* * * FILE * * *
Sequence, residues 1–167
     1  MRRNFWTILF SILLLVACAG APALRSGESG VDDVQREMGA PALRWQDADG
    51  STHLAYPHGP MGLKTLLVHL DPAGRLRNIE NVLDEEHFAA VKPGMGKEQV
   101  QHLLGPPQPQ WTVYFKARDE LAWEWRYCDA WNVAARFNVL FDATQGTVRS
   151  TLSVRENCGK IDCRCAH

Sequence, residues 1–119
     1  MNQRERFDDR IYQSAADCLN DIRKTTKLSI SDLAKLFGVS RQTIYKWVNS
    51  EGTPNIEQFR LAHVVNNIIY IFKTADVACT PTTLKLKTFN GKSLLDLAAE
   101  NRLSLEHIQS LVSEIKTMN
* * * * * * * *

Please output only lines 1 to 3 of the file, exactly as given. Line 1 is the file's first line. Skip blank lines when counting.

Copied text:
Sequence, residues 1–167
     1  MRRNFWTILF SILLLVACAG APALRSGESG VDDVQREMGA PALRWQDADG
    51  STHLAYPHGP MGLKTLLVHL DPAGRLRNIE NVLDEEHFAA VKPGMGKEQV